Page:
Senegal urges African leaders to tackle Al-Qaeda threat

2010-02-02 10:22

SENEGAL’S president urged African leaders yesterday to join forces

in the fight against Al-Qaeda’s North African branch, saying the network’s

campaign was taking on “new and disturbing” forms.

Abdoulaye Wade’s appeal came as African Union heads of state

gathered to tackle the continent’s crises and conflicts at the bloc’s 14th

summit.

“We must organise a round table with neighbouring countries to

resolve the issue” of Al-Qaeda in the Islamic Maghreb (AQIM), the veteran Wade

said in an interview on the sidelines of the summit in the Ethiopian capital,

Addis Ababa.

“This desert terrorism is taking new and very disturbing forms . .

. But countries like Senegal, or Mali, can do nothing on their own. It is an

international problem. Western powers will have to intervene too,” he

said.

The Senagalese leader also raised the alarm over arms trafficking

in the African Sahel region in the interview with AFP and Radio France

International, saying: “Western powers should also get involved,” without

elaborating.

The North African branch of Osama bin Laden’s terror network has

threatened to execute a French hostage kidnapped in Mali in November. The group

is also holding five other European hostages in the region.

Wade also said he hoped the military junta in Senegal’s neighbour

Guinea “will respect their pledge not to participate in elections” this year,

insisting an accord brokered by Burkina Faso “is just a beginning and we must

remain vigilant”.

He was speaking as African Union leaders tackle rising tensions in

oil-rich, secessionist southern Sudan and other African troublespots on the

penultimate day of their summit.

Libyan leader Moamer Kadhafi, who on the opening day had to

relinquish the 53-state body’s presidency to Malawi, warned Sudan could become

“another Somalia”.

Tension has been escalating in Sudan in the run-up to a 2011

referendum in which the south is widely expected to choose independence from

Khartoum, only six years after signing a peace deal.

Many observers fear that a secession in oil-rich Sudan – Africa’s

largest country, bordering nine others – could further destabilise one of the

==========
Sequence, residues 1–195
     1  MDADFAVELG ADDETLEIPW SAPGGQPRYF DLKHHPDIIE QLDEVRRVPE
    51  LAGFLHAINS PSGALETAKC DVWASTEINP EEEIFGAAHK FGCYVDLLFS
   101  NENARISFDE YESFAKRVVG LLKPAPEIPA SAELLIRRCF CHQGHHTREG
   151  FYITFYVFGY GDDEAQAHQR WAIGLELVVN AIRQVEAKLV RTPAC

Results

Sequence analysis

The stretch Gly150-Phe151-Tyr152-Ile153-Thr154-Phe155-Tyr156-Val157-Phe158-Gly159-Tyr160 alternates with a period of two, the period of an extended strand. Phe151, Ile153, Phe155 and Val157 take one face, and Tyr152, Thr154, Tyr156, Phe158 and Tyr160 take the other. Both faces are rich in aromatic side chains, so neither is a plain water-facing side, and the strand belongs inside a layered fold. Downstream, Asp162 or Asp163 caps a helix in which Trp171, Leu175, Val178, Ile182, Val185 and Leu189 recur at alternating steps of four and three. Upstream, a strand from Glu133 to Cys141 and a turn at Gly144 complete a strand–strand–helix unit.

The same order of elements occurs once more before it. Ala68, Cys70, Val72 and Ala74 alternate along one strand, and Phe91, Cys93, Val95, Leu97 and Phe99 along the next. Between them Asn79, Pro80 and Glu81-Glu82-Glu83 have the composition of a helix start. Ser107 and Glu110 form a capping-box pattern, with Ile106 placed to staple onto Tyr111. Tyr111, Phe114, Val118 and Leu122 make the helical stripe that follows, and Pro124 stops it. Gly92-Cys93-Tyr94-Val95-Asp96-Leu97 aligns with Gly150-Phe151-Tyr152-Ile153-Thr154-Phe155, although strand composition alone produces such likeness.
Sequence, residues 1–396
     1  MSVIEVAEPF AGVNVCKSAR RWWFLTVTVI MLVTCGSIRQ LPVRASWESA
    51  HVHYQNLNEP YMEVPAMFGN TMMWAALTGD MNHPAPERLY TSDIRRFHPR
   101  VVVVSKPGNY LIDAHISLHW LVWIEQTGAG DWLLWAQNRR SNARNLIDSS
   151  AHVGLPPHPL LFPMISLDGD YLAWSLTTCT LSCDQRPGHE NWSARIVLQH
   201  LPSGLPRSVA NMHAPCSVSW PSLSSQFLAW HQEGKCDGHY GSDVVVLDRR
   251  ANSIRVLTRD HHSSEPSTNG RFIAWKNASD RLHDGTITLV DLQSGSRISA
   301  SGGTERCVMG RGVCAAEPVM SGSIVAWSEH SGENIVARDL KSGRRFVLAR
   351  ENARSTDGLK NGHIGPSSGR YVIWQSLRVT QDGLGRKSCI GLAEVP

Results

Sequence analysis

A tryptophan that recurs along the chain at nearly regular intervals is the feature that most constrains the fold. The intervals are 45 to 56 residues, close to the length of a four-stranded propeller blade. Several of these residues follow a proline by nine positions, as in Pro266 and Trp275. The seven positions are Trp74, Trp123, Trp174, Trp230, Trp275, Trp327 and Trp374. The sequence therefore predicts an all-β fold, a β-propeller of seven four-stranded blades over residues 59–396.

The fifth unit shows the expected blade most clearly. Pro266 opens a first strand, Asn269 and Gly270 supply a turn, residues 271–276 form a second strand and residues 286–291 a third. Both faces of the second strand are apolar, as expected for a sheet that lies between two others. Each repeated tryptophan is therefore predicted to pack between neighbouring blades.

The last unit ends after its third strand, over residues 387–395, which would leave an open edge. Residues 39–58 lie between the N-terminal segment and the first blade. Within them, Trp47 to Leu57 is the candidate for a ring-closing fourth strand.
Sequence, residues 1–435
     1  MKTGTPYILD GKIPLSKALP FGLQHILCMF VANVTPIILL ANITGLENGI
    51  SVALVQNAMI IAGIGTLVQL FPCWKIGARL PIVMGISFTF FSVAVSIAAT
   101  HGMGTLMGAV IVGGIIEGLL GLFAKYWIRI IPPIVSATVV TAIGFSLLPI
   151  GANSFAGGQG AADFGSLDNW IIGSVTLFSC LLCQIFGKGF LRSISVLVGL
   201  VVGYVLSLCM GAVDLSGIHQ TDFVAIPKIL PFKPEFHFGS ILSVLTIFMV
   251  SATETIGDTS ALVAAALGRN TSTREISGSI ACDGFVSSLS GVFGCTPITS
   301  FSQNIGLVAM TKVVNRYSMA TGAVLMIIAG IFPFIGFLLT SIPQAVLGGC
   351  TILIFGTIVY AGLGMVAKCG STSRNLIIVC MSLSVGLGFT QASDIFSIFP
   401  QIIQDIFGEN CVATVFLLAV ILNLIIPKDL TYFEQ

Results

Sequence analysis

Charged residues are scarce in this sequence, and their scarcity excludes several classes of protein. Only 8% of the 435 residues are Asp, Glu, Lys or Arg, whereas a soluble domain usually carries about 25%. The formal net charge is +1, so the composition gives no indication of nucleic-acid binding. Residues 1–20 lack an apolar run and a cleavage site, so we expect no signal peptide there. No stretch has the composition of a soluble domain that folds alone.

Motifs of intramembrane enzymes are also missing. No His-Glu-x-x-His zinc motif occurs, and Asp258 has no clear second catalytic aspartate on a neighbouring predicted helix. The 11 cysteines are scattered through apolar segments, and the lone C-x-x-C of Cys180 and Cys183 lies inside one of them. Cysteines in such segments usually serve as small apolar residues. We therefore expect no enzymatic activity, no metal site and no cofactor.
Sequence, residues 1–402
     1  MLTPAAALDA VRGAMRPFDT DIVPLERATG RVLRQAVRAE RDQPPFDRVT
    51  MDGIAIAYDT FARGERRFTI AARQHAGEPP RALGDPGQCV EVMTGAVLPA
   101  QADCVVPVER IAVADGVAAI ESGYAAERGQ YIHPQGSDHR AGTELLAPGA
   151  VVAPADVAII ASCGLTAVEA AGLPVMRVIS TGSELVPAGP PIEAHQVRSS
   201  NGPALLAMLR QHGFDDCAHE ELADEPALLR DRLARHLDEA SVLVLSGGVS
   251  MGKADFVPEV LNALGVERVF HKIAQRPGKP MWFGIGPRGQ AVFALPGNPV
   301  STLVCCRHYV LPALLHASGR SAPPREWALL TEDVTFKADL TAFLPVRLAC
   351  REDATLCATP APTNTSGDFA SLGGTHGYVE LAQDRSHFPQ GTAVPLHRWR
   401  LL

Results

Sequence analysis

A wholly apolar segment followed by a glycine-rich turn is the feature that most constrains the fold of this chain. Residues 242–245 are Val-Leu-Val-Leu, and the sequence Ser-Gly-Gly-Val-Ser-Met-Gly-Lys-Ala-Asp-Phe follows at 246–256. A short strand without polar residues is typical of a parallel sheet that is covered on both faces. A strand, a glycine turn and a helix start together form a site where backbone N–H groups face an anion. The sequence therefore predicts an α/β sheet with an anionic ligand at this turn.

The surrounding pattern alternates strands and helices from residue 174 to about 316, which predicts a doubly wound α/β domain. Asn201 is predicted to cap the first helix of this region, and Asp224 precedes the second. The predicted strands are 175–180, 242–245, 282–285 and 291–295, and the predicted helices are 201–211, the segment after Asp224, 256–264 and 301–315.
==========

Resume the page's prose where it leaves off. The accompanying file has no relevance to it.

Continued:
continent’s most volatile regions.

“If the South has a right to separate itself then there’ll be

danger for the South,” Kadhafi told a press conference on Sunday, arguing that

secession could leave a weakened South vulnerable to outsiders who “covet” its

oil resources.

UN Secretary General Ban Ki-moon, who attended the first day of the

summit, also put special emphasis on the fate of Sudan.

“The UN has a big responsibility with the AU to maintain peace in

Sudan and make unity attractive . . . This year will be crucially important for

Sudan with the election in three months and the referendum in a year,” he said

on Sunday.

“In the AU we believe that till the last minute we should work with

all the Sudanese stakeholders to be sure we promote peace in the country,” AU

Peace and Security Commissioner Ramtane Lamamra, told journalists.

He said the AU respected the will of the Sudanese people, but:

“Nevertheless, we are making sure that unity is attractive.”

But for Bona Malwal, a member of the Sudanese delegation and

ambassador to the AU, south Sudan is already on a path towards secession.

“It is already too late. We have asked this help for a long time.

But now the people of the south have made up their mind. They are in favour of

independence. Time is running out,” he told AFP.

“The international community can still be involved to help the two

parties to handle the aftermath of the referendum in a peaceful manner,” he

said.

“The Khartoum government will never stop the decision of the people

of the South.”

The African leaders were also to discuss the conflict in Somalia,

where the bloc’s embattled peacekeeping force came under fresh Islamist militia

attacks late on Sunday, claiming the lives of 12 civilians.


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